I proudly carry the banner as one of the world’s relatively few die-hard fantasy NBA players. Personally, I love pulling up Stat Tracker every night as little green flashes highlight the points, rebounds, assists, and other stats my boys rack up. My league’s draft is coming up on Saturday so it’s fitting for me to share the fantasy outlook for Charlotte Hornets players. And sorry, friends, but it isn’t pretty. Here are their 2019-2020 projected stats (via ESPN) and average draft position (from Fantasy Pros):
Projected stats, 2019-2020
Yikes. While most fantasy leagues have some variation in terms of the number of teams, stat categories, and roster size, it’s hard to see very many Hornets players getting selected on draft day and sticking on the same fantasy team all year. Terry Rozier may be the only Hornet to reach that level. One of the general fantasy problems plaguing the Hornets roster is the amount of timeshares players will face. Productive fantasy players normally need to consistently play in excess of 30 minutes per night, and that might be the rare exception in Charlotte. Here is my breakdown of some of our team’s top fantasy targets:
Terry Rozier, PG
ESPN is quite bullish with their projections on the former Boston Celtic. If he does in fact average close to three 3-pointers, 20 points, six rebounds, and six assists that puts him elite fantasy territory. Last year only James Harden eclipsed that threshold. Other fantasy NBA projection sites have Rozier hovering closer to two 3-pointers, 15 points, five rebounds, and four assists per game. In any event, Rozier will get all the minutes he can handle and will be the engine of the team’s offense which makes him a valuable fantasy asset despite his poor field goal percentage.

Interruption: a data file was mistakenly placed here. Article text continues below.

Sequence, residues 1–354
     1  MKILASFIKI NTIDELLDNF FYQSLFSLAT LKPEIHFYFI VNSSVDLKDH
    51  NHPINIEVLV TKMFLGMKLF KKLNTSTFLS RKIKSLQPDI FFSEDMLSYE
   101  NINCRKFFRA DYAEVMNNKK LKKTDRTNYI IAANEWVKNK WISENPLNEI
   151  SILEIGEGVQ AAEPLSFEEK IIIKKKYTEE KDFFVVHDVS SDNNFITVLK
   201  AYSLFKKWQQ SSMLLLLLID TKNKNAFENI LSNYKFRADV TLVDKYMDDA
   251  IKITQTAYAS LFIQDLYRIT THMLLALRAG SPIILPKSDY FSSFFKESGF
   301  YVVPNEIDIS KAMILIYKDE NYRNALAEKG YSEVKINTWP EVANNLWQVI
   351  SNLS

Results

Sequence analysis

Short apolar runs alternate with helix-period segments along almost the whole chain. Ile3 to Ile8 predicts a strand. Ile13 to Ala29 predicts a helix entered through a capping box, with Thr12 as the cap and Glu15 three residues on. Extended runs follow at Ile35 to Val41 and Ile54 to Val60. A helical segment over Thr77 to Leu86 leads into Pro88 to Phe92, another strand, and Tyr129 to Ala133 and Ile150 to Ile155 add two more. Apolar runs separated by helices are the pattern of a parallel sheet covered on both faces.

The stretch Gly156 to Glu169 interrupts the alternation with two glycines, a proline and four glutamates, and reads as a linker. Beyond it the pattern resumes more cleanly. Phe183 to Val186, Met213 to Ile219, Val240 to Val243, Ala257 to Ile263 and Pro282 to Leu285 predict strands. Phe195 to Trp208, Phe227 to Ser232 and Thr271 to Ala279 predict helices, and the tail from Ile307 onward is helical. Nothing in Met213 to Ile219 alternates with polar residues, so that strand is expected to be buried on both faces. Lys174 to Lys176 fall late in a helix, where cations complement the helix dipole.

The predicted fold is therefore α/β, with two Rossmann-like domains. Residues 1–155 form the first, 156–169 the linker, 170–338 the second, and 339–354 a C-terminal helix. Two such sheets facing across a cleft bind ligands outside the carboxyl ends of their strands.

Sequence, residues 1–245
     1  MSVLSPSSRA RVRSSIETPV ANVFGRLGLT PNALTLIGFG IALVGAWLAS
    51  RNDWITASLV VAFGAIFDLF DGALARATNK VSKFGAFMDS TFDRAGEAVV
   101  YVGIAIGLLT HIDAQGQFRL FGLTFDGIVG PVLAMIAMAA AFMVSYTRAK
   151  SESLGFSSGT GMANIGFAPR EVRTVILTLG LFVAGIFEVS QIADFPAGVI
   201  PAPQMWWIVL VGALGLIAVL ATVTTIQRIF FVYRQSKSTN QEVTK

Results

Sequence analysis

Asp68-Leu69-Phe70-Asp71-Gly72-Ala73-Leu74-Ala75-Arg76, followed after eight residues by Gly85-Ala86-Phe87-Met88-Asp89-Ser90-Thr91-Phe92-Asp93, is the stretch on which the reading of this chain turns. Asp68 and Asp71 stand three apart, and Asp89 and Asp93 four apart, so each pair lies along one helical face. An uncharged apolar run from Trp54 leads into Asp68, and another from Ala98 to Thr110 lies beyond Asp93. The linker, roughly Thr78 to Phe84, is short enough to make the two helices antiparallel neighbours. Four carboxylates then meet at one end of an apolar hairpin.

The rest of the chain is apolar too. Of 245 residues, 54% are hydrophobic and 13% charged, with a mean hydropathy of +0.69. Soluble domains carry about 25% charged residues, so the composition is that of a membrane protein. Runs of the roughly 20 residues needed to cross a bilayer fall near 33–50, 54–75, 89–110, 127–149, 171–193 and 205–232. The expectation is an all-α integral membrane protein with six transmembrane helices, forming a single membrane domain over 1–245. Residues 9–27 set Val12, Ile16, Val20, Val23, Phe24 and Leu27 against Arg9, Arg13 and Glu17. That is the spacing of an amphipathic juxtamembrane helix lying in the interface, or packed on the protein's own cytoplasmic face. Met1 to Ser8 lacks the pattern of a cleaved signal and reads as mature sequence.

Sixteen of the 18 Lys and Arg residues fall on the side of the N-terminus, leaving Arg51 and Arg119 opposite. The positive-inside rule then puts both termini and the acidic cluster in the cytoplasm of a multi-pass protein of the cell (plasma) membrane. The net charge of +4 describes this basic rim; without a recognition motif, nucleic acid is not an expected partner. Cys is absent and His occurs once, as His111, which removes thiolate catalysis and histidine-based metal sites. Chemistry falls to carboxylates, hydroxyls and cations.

Miles Bridges, SF/PF
Miles Bridges will be looking to build on a fairly promising rookie season last year in which he averaged 21.2 minutes with 0.8 3-pointers, 7.5 points, 4.0 rebounds, 1.2 assists, 0.7 steals, and 0.6 blocks. As a starter this year he should be looking at closer to 30 minutes per night. From a fantasy standpoint he could be a helpful “money stats” player by averaging in excess of 1.0 3-pointers, steals, and blocks to to along with double-digit scoring and decent rebounding. Versatile stats like those could help some fantasy rosters.
Malik Monk, SG
While 2.6 3-pointers, nearly 15 points per night, and 87 percent from the free throw line sounds good, Malik Monk doesn’t offer any real upside in other fantasy categories. He doesn’t rebound or collect steals or blocks. His projected 2.8 assists are weak for a guard and his sub-40 percent field goal percentage can torpedo that category. Guys like Monk are a dime a dozen in the fantasy landscape. If the Hornets are playing back-to-back and you have a shot at winning both 3-pointers and points then he might be worth a short-term look on the waiver wire.
Frankly, I have no fantasy interest in any other Hornets players. While Nicolas Batums’ well-rounded stat lines look attractive on paper, he’s incredibly frustrating to own (trust me, I’ve been there.) On any given week he can sink your team with multiple games in the range of seven points, four rebounds, and three assists. Cody Zeller can be helpful in spot situations, but his low minutes and high injury risk are a red flag.
In the real world the 2019-2020 season will likely be a tough one for the Charlotte Hornets. The same holds true in the fantasy world.